Café Spotlight: In de Verzekering tegen de Grote Dorst

If your neighbourhood pub was open just three-and-a-half hours a week, you might get a bit parched. Luckily, Eizeringenaren have “Insurance against the Great Thirst”.

The endearingly named cafe in this 800-home hamlet welcomes locals and lovers of authentic beer on Sundays from 10.00 to 13.30, though last orders linger on for customers safely inside. It also opens for occasional festivals, holidays and funerals at St Ursula's church across the street.

The brothers Panneels, native sons, kept those hours when they acquired the bar from the owner of the previous half century, who was preparing to close at Christmas 1999. Tradition aside, they have day jobs.

"It's not a commercial project. It's a hobby," says older sibling Yves, while savouring a draft of aged lambic from the nearby Girardin brewery. This type of artisanal product has make their pub a pilgrimage destination for connoisseurs seeking traditional lambics and their offspring, chiefly Champagne-like gueuzes and cherry-infused krieks.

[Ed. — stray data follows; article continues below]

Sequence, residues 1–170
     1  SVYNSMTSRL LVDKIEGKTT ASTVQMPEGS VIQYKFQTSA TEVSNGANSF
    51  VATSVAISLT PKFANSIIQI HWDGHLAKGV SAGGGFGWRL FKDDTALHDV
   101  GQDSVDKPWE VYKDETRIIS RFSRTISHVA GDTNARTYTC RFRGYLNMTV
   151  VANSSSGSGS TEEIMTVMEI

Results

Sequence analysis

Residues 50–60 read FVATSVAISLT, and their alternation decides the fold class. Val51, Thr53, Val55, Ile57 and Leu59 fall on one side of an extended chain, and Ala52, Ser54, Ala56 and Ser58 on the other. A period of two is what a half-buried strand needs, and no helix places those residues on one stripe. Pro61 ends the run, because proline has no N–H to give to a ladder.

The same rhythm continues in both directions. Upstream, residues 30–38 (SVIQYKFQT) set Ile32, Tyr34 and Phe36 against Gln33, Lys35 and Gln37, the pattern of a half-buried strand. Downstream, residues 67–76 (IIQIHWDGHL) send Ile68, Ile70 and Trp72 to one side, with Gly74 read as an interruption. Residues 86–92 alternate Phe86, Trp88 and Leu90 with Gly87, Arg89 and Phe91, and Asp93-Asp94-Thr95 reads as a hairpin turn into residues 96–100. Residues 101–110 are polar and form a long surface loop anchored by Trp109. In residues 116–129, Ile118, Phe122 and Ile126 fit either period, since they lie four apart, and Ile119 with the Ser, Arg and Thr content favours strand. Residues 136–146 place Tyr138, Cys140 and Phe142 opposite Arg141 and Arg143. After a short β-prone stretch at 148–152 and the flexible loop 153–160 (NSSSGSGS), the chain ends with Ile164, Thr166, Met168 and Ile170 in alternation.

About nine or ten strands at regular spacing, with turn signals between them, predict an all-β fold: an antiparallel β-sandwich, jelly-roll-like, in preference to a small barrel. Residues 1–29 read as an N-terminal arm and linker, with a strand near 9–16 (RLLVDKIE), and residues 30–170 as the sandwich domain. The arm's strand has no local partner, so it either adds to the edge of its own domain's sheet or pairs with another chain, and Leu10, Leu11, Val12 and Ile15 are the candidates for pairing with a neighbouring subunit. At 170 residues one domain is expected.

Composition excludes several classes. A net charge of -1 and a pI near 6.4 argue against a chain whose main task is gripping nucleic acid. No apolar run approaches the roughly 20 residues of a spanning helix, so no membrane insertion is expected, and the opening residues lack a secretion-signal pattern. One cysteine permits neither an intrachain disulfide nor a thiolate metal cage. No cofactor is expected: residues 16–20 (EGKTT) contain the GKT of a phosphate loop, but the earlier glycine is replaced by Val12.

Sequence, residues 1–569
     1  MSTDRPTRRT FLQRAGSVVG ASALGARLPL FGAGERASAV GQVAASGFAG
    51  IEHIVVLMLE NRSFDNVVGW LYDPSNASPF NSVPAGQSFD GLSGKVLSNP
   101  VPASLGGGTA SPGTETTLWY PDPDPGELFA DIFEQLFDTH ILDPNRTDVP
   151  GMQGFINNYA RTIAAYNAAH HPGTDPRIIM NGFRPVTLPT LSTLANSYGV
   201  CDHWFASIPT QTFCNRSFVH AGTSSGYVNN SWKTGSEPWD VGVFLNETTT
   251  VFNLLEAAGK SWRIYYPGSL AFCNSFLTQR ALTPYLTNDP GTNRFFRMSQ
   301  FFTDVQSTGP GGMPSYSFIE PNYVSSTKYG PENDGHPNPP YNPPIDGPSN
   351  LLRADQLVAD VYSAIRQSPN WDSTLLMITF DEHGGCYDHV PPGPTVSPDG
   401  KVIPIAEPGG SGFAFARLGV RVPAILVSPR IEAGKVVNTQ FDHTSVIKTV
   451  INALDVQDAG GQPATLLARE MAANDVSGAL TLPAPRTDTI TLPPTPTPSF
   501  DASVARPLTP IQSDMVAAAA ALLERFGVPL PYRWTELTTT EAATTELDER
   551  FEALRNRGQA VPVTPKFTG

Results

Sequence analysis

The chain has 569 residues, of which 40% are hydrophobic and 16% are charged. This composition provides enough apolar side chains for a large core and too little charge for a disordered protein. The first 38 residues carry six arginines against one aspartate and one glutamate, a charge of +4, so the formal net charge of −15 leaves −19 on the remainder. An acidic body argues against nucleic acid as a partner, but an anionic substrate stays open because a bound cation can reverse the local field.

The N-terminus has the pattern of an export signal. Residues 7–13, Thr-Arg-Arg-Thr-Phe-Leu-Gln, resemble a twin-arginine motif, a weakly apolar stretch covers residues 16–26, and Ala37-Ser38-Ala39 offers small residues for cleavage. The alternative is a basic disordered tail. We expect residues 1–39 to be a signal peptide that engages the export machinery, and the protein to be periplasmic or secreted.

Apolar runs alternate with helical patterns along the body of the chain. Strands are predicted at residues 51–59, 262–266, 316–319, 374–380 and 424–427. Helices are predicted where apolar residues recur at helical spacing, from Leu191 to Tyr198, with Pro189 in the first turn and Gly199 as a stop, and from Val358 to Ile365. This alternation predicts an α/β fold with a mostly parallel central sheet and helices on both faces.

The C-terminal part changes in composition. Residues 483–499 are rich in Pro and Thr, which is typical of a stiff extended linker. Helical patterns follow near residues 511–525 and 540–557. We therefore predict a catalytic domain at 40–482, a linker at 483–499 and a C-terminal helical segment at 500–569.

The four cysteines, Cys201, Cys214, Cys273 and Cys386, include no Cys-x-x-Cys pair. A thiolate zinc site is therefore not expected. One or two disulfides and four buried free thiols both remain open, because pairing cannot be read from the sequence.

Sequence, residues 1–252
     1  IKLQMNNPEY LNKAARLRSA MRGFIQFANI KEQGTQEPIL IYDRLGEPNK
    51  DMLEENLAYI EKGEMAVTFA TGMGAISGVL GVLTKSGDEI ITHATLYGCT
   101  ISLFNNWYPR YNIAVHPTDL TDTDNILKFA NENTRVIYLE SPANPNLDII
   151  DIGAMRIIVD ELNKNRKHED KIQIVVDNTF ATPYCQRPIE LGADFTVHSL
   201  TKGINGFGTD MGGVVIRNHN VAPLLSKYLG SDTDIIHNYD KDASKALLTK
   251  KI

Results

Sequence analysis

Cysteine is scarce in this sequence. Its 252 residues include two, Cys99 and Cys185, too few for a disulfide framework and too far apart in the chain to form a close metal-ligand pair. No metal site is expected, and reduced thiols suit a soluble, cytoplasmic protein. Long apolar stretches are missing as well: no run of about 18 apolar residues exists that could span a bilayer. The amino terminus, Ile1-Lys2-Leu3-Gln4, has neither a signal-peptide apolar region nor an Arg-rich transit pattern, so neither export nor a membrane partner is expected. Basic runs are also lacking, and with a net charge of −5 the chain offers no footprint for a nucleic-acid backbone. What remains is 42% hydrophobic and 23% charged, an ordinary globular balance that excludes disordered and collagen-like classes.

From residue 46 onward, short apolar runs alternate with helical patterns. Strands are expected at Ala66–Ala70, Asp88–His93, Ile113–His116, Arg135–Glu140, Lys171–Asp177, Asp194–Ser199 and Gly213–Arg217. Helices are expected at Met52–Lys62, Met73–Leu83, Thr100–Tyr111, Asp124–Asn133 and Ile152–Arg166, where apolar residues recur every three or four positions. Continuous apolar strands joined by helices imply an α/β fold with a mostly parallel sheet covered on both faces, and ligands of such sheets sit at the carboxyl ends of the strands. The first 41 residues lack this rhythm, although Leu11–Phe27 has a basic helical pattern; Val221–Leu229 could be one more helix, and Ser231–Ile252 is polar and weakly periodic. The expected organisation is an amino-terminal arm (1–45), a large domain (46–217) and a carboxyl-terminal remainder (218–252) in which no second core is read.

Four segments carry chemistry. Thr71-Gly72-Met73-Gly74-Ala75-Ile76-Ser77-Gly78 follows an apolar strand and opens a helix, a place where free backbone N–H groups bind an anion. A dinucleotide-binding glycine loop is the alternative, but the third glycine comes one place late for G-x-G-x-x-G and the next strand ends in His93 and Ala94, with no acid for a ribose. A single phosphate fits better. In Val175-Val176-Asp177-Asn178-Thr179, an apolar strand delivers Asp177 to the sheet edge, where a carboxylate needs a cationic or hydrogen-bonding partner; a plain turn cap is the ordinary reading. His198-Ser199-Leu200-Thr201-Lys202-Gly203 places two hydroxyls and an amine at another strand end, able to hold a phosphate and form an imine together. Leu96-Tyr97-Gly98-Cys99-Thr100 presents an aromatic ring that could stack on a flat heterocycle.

These sour brews are coaxed from wild yeasts and can't be replicated beyond Brussels and the Flemish Pajottenland to the west, where In de Verzekering is located. The Panneels have more than 50 on the menu, some from producers no longer in operation and more in storage waiting to be catalogued.

The brothers renovated the building, which dates to 1843 and also serves as the family home of younger brother Kurt. They kept the best bits: the name, the rough-hewn beams, the '40s-era Art Deco bar, the tiling on the fireplace and floors. A section in black marks where old-timers remember a candy store.

Other fittings were salvaged from disappearing pubs of the region, including the panelled seating installed along two walls. One table comes from a bar the Panneels' great-grandparents operated a few towns away. On a recent snowy Sunday, Flemish families, Italians and Britons sampled gueuze, as some of the church-goers chatted over aperitifs and coffee. The crowd amiably made space for a lone American. Just for a few hours, we're all locals.

Frans Baetensstraat 45
Eizeringen (Flemish Brabant)
John Rega

Source: Flanders Today, 19 january 2011